Does a car use the same amount of gas traveling a given distance at 60 mph than it does traveling the same distance at 10 mph (or any other speed)? And if so, does a person burn the same amount of calories walking a given distance as running it?
Asked by: Bob Darcy
With respect to automobiles, there are several factors affecting mileage. Transmission
gearing is one. Lower gears require the engine to turn more times than higher gears
for the same distance traveled, consuming more fuel per mile. At higher speeds, air
drag supplies a force that must be counteracted by the engine, again consuming more fuel.
(Drag, in fact, increases with the SQUARE of speed so that resistance increases four times
every time speed doubles.) Engine design can also determine the most efficient RPM for fuel
consumption. Given all of that, yes, speed DOES impact your car's fuel efficiency.
(Remember the original reason for a nationwide speed limit of 55 mph--conserving gasoline?)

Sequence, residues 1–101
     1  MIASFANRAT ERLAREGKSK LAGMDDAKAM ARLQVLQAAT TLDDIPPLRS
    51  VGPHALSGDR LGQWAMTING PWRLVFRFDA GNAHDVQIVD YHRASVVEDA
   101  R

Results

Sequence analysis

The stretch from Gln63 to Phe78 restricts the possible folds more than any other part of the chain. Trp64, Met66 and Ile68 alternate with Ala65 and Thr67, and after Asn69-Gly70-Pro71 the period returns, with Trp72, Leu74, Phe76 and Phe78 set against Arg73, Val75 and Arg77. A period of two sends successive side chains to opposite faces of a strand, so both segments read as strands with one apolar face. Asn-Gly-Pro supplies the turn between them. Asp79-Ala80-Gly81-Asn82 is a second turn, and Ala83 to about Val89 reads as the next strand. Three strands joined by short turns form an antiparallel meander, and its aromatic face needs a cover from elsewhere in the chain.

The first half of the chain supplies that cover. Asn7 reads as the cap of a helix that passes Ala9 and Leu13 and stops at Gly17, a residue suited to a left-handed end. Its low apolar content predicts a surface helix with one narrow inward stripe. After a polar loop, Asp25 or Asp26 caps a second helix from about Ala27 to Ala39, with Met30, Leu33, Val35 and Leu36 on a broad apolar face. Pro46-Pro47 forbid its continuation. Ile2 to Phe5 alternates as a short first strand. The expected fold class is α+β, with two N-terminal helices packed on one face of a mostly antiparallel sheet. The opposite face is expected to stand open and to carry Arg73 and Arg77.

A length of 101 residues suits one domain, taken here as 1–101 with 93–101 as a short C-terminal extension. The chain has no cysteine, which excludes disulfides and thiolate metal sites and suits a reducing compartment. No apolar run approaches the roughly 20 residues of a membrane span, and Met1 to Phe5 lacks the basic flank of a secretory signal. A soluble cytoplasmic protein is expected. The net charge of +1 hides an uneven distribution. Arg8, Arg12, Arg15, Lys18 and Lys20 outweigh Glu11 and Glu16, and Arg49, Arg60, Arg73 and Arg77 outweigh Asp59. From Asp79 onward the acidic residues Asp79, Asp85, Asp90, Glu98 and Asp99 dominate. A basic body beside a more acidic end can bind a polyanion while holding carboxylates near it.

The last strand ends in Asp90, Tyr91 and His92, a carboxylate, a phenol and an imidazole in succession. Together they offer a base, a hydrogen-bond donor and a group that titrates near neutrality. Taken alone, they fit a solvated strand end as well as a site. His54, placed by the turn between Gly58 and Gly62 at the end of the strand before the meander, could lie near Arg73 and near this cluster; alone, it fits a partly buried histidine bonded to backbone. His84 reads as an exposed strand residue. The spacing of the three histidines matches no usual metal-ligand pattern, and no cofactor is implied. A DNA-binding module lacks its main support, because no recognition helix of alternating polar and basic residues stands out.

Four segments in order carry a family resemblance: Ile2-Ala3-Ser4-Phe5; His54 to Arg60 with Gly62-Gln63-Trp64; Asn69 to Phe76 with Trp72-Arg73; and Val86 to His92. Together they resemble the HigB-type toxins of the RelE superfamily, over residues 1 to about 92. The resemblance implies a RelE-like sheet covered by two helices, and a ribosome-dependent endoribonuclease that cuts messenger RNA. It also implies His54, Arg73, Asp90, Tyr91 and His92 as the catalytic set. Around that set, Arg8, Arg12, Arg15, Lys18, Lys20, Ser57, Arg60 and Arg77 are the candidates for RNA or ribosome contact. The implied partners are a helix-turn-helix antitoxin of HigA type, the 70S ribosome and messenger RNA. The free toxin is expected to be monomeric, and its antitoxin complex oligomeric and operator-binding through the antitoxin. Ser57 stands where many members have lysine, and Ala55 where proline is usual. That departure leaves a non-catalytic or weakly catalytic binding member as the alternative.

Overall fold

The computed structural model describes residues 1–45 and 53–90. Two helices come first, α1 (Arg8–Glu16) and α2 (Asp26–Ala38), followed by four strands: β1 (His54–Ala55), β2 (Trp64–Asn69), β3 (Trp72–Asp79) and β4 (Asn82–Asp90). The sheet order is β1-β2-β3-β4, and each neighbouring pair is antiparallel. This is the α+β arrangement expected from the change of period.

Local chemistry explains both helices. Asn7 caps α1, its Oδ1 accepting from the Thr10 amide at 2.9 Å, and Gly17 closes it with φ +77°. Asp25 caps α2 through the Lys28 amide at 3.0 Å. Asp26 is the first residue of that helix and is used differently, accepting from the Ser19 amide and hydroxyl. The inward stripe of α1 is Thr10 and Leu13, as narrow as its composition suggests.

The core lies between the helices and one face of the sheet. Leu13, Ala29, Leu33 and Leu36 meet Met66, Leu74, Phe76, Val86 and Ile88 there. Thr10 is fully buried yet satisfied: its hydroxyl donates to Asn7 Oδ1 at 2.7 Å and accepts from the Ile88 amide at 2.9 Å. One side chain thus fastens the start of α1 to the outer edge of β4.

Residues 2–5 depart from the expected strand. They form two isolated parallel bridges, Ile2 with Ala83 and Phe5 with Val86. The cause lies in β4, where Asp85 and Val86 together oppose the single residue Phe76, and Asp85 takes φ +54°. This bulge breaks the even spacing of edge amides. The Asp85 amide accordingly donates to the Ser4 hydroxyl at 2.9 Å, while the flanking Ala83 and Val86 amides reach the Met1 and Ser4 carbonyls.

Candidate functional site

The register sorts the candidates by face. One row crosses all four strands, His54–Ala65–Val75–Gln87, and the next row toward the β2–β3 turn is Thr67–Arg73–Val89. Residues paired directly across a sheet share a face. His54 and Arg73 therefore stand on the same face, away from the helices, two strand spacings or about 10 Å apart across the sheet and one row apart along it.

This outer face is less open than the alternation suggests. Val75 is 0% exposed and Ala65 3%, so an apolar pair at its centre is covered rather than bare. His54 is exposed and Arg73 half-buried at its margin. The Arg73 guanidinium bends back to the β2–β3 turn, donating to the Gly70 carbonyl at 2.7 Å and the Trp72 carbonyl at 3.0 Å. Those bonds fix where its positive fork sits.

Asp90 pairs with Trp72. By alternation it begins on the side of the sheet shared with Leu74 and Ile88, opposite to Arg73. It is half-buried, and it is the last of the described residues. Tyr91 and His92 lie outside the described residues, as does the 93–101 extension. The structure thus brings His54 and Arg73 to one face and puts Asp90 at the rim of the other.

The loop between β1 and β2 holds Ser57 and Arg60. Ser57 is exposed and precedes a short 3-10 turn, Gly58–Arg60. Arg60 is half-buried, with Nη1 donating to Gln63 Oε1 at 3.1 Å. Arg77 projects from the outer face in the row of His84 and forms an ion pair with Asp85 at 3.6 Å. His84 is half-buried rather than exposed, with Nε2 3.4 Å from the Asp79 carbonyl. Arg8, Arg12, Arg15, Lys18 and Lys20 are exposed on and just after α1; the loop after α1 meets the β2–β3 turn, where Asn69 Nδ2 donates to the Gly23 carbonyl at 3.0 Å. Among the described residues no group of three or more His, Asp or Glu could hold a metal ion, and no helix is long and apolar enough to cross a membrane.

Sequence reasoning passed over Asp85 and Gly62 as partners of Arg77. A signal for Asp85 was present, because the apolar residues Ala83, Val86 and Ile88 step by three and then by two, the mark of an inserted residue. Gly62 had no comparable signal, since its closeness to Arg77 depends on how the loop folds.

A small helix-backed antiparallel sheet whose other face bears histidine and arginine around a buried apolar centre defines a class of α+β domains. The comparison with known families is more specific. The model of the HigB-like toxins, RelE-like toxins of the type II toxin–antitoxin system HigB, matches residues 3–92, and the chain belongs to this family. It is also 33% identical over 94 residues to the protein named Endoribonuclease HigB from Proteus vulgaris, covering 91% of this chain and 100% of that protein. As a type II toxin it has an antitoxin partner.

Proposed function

Optimum fuel efficiency should be experienced somewhere just above the speed at which the
highest gear becomes useable.
The human body, on the other hand, is not affected by the same factors. Legs have only
one 'gear', and only very fast runners should experience air drag of any significance.
Except for the different mechanics used in walking vs. running, therefore, and how that
might affect muscle efficiency, I would not expect speed to significantly impact the
number of calories burned per mile.
Answered by: Paul Walorski, B.A. Physics, Part-time Physics Instructor
'Physicists like to think that all you have to do is say, these are the conditions, now what happens next?'